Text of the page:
It might be a stretch to say that John was a party animal, but he was fun loving, and enjoyed fine living and good entertainment. He liked the company of others, loved attending social gatherings, and had a particular passion for sport (which is to say hunting). We may never know if his decision to follow in the footsteps of his father and grandfather took friends and family by surprise, given his taste for an “un-clergy-like” lifestyle, but a calling is a calling, and flamboyant John (or Jack, to those closest to him) became “Parson John” of Anglican church.
Hunting had always given John immense pleasure, and it wasn’t uncommon for the good parson to ride fifty miles on horseback to get to a designated hunting location, then travel the fifty miles back in the black of night. He soon became a fixture, if not a popular figure, in Britain’s fox hunting community. Within the church, however, not so much. He was often passed over for promotions, and his superiors were of the opinion that he spent too much time hunting (according to John’s own diary, he hunted 75 days out of 90). And then there was that nickname. Men of God weren’t supposed to be known among the parishioners as “The Sporting Parson.” Bishop Phillpotts, in particular, felt that the idea of a “Sporting Parson” was unseemly and would only bring embarrassment and trouble to the church.
Compounding his situation was that John’s love of hunting led to a deep interest in dogs that was one more thing to distract him from his duties. He had owned a pack of Otter Hounds, and also kept white terriers that, in his day, were simply called “fox terriers.” His strain of terriers bred strictly for working were intelligent dogs that could keep up with fast Foxhounds over rough, rolling fields. One day, however, John saw “Trump,” a dog that embodied a “type” for which he’d been looking. She was owned by a local milkman who took her on his milk deliveries. The size of a vixen, Trump had a more distinctive color pattern than John’s dogs, and a thick and wavy coat on a body that “wouldn’t quit,” which is to say that she had a sturdy frame built for work and endurance. John bought her on the spot, and she would go on to become the foundation of the terriers John bred. It would take several generations of careful breeding, but within twelve years John created his ideal dog, and it became highly popular among fellow hunting enthusiasts.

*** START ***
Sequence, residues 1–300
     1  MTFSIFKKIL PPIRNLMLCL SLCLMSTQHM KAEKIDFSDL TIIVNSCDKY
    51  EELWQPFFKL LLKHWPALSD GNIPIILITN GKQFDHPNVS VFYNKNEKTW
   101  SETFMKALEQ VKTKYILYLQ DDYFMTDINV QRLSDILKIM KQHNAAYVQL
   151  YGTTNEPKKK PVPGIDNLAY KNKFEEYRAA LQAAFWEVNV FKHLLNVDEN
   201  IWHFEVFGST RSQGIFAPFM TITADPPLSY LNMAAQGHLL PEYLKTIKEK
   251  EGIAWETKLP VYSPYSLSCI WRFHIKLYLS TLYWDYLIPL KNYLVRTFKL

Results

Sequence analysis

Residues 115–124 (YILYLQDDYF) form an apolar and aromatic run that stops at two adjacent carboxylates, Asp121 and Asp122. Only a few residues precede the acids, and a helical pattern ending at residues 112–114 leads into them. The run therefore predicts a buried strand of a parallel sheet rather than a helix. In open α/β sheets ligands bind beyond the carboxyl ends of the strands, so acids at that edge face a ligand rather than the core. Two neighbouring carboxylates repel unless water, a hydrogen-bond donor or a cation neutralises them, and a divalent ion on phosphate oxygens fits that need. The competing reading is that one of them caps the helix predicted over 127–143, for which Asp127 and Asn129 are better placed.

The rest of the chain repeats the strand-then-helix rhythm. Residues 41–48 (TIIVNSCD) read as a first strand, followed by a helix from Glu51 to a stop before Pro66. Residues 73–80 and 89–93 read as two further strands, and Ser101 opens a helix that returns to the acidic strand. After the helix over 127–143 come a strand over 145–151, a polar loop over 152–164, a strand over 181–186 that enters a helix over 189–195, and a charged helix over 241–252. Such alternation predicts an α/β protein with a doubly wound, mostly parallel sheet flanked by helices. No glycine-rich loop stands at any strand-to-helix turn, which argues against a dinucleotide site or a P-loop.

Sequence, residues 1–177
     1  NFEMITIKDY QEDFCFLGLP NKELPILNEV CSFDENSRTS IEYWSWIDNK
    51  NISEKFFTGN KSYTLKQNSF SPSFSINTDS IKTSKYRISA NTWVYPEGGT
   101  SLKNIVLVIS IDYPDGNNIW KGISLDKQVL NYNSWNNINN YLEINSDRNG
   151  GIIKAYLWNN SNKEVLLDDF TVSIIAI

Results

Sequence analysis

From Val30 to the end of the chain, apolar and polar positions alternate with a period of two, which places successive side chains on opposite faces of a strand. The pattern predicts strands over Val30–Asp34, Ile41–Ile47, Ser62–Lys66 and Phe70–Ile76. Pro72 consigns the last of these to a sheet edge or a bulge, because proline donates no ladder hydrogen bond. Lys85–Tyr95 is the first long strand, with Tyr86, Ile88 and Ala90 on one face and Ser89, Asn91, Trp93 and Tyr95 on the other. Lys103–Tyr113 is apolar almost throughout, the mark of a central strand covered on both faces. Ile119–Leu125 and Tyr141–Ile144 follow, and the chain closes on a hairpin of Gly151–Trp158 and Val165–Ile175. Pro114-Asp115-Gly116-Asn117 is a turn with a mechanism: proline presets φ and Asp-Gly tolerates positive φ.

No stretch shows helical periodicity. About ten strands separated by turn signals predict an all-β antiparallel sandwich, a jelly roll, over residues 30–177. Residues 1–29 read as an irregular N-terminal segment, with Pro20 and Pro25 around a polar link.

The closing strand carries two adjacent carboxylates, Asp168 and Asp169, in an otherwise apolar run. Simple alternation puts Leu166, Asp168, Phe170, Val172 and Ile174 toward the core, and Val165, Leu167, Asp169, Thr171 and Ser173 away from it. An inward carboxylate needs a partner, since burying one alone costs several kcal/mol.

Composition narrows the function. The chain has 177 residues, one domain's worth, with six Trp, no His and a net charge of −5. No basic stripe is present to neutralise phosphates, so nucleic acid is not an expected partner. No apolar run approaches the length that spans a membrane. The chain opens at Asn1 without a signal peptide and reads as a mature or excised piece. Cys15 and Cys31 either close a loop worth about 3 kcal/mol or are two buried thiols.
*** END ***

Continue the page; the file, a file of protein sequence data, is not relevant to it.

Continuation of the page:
John didn’t crop the ears or docked the tails of his dogs, contrary to the practice of the time. He wasn’t interested in a show dog, he wanted a working dog, and this is an interesting aspect to a man who was one of the founders of The Kennel Club (Britain’s version of the AKC). He was a Kennel Club member for the remainder of his life, and became a show judge, though John didn’t show his own dogs (he said, “the difference between my dogs and show dogs can be likened to the difference between wild and cultivated flowers”). Even so, he wrote the first recognized breed standard for the Fox Terrier as a show dog, a standard that remained mostly unchanged over a 132 years.
John never changed his friendly disposition (it would eventually win over stuffy Bishop Phillpotts), nor his love of hunting (which he pursued until near the end of his life), and certainly not his passion for his dogs. Don Rainwater and Kellie Rainwater wrote in their book, The Jack Russell Terrier Canine Companion Or Demon Dog:
One day, in the spring of 1883 and for unknown reasons, [John] gathered together all of his sermons, as well as his documents, records, and papers that recorded the history of his work with the Fox Terrier. He brought the documents out to his veranda overlooking the rolling hills of the country side and spread them out on a table in front of him, pouring over the decades of memories. A few hours later, one of his sons would arrive to visit and find hundreds of pages of his father’s documents floating freely in the breeze. Pages were scattered throughout the property and along the countryside…[he] was found by his son deceased of natural causes, still sitting on his veranda with his records spread out before him.
A few years after John’s death, Kennel Club members announced at their annual showing that the name of his dogs would be officially changed to the Jack Russell Terrier. You know about the breed, and that there are Parson Terriers and Russell Terriers, but we thought you might want to know a little more about the man behind them.